Is My Glow Showing?

I subscribe to Magnolia magazine because I’ve never disagreed with Joanna Gaines’ taste, hustle, or passion for family. Unfortunately, my love affair may have come to a screeching halt when she was quoted to say, “I have always really enjoyed being pregnant-- because I tend to feel my best during those 9 months.” We used to be cool JoJo. Do not get me wrong, pregnancy is a miracle and absolutely no part of me is ungrateful for my body’s ability to create life. I would withstand any amount of pain and discomfort if it meant my baby is waiting for me on the other side. That being said—let's stop with all this glowy, beaming, nonsense we claim as truth during pregnancy. If you did happen to have that miracle please keep it to yourself, claiming radiance is no way to make mom friends during playgroup.

As a whole my hyperemesis seems to have subsided and am left now with random spouts (pun intended) of sickness. Last week, I woke up feeling parched from a particularly intense workout with Fit4Mom the night before. Along with my conservative allotment of coffee, I drank at least 20 oz of water with breakfast. I had just started the process of loading up my kids to head out to the children’s art studio, ArtBeast, in Sacramento and Charlotte was frustrated because she has inherited my sensitivity to uncomfortable clothing which typically peaks every day in her car seat when the seatbelt causes dresses and skirts to become too tight and restricting. She had picked out a new fluffy tutu dress and was screaming while attempting to take it off. Madeleine used this opportunity to kick her leg out and lightly tap Charlotte on her feet, which as anyone with two kids knows, is the equivalent of challenging their sibling to a duel and this only made Charlotte cry harder. My 3rd, unborn child, determined to participate in her own way in the chaos; and so without warning the entire contents of my stomach projected out of my nose and mouth like that scene from the Exorcist onto our front lawn. The momentum rocked me off balance and I attempted to steady myself while blindly reaching out into our rose bushes only to grab a fistful of thorns. This lasted for exactly 3 minutes and 57 seconds and I only know this because I made it through one round of Elton John singing, “Can you Feel the Love Tonight”, which we listen to on repeat every moment we are in the car. Thankfully my theatrics quieted the kids since I just provided them with music and a show all before 9 o’clock in the morning.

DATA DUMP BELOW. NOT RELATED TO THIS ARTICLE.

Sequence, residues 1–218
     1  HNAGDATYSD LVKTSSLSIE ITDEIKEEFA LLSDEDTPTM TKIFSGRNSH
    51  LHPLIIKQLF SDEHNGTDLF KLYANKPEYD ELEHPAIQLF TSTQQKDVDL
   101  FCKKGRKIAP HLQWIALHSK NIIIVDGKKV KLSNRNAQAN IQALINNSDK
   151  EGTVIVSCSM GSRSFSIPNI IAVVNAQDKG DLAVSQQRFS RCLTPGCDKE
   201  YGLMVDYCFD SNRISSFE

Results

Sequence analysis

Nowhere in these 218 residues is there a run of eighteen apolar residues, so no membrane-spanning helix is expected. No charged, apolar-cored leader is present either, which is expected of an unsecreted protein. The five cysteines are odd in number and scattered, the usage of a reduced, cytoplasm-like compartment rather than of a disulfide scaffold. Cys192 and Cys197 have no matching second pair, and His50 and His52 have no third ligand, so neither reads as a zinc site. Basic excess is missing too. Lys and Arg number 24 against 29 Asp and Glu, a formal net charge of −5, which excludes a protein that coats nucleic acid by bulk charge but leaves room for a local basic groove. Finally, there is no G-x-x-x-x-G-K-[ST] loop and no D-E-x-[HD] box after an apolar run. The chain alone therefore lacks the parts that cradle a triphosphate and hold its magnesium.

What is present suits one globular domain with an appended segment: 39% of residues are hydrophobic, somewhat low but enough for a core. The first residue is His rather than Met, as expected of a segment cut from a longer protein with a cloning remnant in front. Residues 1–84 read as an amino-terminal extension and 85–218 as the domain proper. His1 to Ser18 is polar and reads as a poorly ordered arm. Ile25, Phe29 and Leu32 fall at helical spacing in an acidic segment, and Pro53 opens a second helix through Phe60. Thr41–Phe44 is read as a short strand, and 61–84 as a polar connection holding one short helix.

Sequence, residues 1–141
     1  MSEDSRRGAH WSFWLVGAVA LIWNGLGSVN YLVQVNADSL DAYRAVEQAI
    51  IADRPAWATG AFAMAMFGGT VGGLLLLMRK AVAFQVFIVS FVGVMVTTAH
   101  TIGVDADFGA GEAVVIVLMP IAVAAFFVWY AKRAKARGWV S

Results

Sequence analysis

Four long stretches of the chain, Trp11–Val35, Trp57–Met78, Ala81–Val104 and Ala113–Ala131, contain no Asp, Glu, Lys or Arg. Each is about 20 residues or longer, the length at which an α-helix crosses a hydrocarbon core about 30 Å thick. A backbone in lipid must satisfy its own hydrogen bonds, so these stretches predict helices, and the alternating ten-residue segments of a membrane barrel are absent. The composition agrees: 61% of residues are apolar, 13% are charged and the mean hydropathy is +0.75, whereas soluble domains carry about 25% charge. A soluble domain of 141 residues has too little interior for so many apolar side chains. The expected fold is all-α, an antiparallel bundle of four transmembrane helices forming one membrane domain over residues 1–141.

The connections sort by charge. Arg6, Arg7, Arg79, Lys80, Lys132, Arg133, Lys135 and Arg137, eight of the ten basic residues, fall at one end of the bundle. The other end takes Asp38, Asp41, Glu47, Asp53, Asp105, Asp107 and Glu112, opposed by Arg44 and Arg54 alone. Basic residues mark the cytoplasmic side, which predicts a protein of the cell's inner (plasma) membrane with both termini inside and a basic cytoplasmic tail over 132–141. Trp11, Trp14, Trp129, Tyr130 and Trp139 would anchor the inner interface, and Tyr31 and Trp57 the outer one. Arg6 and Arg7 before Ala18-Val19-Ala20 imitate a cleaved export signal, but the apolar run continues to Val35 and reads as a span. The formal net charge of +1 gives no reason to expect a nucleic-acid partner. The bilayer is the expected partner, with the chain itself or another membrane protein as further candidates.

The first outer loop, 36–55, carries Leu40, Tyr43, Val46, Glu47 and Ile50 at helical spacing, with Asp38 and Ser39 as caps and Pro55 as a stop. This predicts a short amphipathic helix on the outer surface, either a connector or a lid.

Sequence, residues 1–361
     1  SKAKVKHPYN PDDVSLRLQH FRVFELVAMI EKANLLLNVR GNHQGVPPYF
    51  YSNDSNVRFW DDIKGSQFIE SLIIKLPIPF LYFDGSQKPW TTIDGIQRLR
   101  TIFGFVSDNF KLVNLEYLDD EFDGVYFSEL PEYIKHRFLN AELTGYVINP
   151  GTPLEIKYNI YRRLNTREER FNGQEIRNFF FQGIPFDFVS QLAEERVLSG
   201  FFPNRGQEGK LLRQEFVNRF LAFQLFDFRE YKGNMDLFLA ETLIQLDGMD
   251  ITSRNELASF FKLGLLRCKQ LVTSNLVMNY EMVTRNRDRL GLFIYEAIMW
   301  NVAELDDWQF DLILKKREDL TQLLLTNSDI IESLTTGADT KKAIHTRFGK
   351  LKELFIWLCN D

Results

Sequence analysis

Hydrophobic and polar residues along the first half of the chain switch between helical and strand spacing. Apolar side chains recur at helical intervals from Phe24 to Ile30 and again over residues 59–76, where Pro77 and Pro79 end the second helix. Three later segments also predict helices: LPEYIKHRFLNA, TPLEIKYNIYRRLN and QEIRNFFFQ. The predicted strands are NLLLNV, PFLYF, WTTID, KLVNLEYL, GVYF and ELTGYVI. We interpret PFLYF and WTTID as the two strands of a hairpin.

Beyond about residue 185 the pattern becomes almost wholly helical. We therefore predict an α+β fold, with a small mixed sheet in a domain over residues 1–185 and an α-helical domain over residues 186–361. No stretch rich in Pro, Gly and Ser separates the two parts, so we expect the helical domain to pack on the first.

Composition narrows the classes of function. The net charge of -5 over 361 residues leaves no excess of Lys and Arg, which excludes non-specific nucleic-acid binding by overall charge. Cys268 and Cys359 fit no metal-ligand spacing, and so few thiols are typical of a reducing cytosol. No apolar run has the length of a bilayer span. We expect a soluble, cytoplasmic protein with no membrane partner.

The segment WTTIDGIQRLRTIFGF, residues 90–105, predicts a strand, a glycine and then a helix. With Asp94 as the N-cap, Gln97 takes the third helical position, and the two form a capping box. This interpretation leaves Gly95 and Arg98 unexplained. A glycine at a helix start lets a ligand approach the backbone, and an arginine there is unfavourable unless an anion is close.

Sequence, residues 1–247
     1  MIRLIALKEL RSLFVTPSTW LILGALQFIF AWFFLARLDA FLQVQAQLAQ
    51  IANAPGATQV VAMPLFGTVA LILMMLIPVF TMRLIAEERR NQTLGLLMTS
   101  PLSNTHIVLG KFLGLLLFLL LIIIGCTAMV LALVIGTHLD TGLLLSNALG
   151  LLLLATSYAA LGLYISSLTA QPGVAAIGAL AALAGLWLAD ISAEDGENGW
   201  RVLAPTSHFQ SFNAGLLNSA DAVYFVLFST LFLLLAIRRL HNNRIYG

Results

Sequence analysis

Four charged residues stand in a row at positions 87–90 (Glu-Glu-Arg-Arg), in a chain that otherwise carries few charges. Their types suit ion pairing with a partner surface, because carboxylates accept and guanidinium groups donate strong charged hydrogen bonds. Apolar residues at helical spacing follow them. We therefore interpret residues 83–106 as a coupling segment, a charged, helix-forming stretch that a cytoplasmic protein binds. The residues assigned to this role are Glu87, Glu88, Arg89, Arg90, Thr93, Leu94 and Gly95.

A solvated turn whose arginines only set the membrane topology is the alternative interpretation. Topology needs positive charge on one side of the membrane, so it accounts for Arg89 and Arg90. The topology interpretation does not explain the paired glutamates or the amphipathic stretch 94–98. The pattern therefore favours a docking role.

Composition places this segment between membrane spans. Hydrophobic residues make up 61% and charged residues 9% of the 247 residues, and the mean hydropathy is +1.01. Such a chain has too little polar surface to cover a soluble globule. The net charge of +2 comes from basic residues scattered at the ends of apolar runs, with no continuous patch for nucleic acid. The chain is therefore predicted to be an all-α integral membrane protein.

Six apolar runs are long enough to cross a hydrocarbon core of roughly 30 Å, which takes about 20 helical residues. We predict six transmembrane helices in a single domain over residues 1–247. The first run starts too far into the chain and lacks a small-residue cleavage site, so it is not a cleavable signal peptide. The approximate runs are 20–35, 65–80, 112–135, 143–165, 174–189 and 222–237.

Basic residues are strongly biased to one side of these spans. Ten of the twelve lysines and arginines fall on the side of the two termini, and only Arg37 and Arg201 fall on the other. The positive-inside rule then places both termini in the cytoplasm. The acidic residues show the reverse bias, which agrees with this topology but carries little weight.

So while we can agree on our love of shiplap and oversized clocks, Joanna and I disagree on pregnancy bringing out our best. What I can say is that I re-brushed my teeth, hosed down my lawn and we made it to ArtBeast without further puke or protest; because while in no way do I feel like a beacon of fruitful radiance, I sure know how to do the multi-tasking mommy hustle.


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The Waiting Game

Imagine you are going to have to saw your own arm off, except you don’t know exactly when it will happen, and people keep telling you everything will be OK, but to drink lots of water. This is where I’m at.